Unified by the power of discovery and understanding, staff and students at the university are committed to finding new ways to transform the world we live in.
Sheffield is the only university to feature in The Sunday Times 100 Best Not-For-Profit Organisations to Work For 2016 and was voted number one university in the UK for Student Satisfaction by Times Higher Education in 2014. In the last decade it has won four Queen’s Anniversary Prizes in recognition of the outstanding contribution to the United Kingdom’s intellectual, economic, cultural and social life.
Sheffield has six Nobel Prize winners among former staff and students and its alumni go on to hold positions of great responsibility and influence all over the world, making significant contributions in their chosen fields.
Global research partners and clients include Boeing, Rolls-Royce, Unilever, AstraZeneca, Glaxo SmithKline, Siemens and Airbus, as well as many UK and overseas government agencies and charitable foundations.
Sheffield Teaching Hospitals NHS Foundation Trust
Sheffield Teaching Hospitals is one of the UK’s largest NHS Foundation Trusts and one of the largest and busiest teaching hospitals. We have over 16,000 staff caring for over a million patients each year at our five hospitals and in the local community:
The Royal Hallamshire Hospital; The Northern General Hospital; Charles Clifford Dental Hospital; Weston Park Cancer Hospital; Jessop Wing Maternity Hospital
We offer a full range of local hospital and community health services for people in Sheffield as well as specialist hospital services to patients from further afield in our many specialist centres. The Trust is recognised internationally for its work in neurosciences, spinal injuries, renal, cancer, transplantation, neurosciences and orthopaedics.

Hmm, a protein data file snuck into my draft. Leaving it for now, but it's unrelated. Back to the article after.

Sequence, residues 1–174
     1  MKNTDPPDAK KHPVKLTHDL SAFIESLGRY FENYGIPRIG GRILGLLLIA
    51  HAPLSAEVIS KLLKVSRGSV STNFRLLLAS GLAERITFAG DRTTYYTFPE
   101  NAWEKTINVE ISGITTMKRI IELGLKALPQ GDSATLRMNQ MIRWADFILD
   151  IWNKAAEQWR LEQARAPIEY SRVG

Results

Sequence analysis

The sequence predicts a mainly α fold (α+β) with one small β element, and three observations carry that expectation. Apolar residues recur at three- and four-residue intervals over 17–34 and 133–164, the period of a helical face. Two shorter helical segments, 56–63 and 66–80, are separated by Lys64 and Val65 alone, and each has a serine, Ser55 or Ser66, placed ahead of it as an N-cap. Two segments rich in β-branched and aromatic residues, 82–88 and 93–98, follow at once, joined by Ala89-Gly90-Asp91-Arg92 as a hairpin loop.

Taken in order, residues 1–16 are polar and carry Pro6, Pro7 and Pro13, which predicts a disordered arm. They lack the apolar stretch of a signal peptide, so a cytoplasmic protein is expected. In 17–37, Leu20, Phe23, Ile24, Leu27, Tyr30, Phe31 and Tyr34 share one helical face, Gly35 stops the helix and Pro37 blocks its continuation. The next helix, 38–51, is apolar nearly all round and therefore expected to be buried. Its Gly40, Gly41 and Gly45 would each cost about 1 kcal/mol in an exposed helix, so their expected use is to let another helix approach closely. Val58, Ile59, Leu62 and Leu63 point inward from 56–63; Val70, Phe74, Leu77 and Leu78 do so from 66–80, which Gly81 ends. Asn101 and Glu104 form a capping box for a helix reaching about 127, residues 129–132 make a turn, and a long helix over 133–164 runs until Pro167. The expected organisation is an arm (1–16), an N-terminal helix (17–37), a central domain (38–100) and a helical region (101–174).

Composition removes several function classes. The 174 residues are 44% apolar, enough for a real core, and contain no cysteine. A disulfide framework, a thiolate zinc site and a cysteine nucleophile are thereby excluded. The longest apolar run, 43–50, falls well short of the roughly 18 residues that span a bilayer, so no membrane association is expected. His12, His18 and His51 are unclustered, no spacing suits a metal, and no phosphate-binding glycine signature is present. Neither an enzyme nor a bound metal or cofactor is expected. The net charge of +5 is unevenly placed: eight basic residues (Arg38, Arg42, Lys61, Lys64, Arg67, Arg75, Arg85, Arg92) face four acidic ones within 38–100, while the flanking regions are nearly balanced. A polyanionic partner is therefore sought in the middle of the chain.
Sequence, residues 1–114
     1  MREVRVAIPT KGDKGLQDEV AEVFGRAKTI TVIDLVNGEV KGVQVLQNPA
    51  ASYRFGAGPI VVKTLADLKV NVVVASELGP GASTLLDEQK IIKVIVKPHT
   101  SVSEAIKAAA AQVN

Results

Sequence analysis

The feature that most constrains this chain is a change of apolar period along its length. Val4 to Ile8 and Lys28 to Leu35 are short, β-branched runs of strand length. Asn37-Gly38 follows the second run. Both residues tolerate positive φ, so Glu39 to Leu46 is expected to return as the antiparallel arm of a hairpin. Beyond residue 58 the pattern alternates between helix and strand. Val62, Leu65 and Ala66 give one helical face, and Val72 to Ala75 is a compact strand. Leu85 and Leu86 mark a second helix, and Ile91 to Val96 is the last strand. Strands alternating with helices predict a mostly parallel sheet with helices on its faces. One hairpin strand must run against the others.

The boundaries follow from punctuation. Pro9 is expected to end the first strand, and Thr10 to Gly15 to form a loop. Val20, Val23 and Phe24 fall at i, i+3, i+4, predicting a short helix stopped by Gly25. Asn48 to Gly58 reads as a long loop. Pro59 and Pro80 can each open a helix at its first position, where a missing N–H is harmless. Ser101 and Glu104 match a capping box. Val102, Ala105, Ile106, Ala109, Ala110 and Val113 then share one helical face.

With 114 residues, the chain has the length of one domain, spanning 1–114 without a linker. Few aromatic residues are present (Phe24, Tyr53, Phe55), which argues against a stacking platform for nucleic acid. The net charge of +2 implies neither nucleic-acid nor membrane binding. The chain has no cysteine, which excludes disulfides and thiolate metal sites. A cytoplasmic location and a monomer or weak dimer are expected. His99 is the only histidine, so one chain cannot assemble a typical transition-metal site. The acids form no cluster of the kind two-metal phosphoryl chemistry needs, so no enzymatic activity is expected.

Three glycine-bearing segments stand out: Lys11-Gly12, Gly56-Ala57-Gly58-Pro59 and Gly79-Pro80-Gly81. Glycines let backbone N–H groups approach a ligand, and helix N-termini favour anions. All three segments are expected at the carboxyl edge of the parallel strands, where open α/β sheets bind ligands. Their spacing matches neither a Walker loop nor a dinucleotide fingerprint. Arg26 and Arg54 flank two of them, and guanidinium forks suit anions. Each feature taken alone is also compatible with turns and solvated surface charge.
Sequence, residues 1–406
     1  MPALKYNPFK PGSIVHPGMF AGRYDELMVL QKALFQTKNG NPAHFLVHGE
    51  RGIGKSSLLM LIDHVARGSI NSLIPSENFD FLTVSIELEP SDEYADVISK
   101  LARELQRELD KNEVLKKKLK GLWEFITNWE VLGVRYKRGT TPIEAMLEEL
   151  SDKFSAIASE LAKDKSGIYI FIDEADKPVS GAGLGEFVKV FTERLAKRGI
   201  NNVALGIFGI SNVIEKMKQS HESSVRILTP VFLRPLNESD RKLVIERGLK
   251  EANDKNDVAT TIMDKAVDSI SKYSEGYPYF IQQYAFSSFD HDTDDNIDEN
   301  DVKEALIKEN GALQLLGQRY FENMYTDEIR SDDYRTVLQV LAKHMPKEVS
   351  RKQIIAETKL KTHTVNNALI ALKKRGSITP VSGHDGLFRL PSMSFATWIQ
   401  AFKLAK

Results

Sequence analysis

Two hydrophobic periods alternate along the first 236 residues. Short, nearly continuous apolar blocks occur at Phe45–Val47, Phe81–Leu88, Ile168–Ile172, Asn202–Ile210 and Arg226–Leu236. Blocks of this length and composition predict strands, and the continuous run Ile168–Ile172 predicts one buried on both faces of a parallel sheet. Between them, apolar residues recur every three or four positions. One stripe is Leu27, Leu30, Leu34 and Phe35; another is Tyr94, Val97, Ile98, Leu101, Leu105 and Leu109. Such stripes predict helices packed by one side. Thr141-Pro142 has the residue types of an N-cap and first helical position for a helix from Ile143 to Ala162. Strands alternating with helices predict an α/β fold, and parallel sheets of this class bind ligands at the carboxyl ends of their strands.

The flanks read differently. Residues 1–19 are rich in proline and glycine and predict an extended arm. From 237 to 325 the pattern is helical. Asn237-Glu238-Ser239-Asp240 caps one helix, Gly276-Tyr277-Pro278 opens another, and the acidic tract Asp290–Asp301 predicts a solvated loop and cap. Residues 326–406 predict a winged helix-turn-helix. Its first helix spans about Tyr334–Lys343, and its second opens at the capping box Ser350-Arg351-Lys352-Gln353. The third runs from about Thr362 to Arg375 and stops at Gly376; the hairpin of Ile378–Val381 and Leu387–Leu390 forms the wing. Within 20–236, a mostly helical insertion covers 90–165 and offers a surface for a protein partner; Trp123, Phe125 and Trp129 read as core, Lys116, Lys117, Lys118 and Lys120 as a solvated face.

Thanks to the hard work and commitment of our staff and volunteers, Sheffield Teaching Hospitals NHS Foundation Trust has been given an overall rating of ‘Good’ by the Care Quality Commission (CQC) with many services rated as ‘Outstanding'.
This means the Trust is one of only 18 (out of 174 Trusts) to have achieved a Good rating in every one of the five domains which the Care Quality Commission use to rate a NHS organisation:
Safe; Caring; Responsive; Well led; Effective
We are proud to be one of the top 20% of NHS Trusts for patient satisfaction and to have consistently high numbers of our staff and patients who would recommend the Trust for care and as a place to work.
The Trust is a recognised leader in medical research for bone, cardiac, neurosciences and long term conditions such as diabetes and lung disease. We also play a key role in the training and education of medical, nursing and dental students with our academic partners, including the University of Sheffield and Sheffield Hallam. The Trust is a recognised leader in healthcare innovation and is host to a number of national projects including the Perfect Patient Pathway Test Bed, Devices for Dignity, Yorkshire and Humber Genomics Medicine Centre as well as being a partner in the Working Together Vanguard and National Centre for Sports and Exercise Medicine. For more information visit: www.sth.nhs.uk